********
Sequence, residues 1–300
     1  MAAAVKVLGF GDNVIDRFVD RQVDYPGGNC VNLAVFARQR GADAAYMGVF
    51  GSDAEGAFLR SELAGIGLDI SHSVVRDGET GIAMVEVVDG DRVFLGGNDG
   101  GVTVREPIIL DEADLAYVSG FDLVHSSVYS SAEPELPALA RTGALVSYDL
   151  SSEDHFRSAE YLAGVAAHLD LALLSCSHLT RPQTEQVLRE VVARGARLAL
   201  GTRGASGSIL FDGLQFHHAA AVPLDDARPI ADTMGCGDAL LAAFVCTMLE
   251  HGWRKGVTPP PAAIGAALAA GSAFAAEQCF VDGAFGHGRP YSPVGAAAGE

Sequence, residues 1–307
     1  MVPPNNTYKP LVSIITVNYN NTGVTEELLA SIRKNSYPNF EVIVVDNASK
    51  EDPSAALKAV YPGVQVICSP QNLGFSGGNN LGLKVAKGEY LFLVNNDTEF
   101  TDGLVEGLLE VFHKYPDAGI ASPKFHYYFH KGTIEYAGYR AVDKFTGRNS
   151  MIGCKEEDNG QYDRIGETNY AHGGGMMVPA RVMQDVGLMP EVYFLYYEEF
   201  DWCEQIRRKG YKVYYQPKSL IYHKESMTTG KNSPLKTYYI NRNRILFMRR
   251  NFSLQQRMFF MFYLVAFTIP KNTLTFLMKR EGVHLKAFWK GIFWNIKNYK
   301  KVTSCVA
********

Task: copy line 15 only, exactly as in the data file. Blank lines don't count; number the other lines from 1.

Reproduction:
   301  KVTSCVA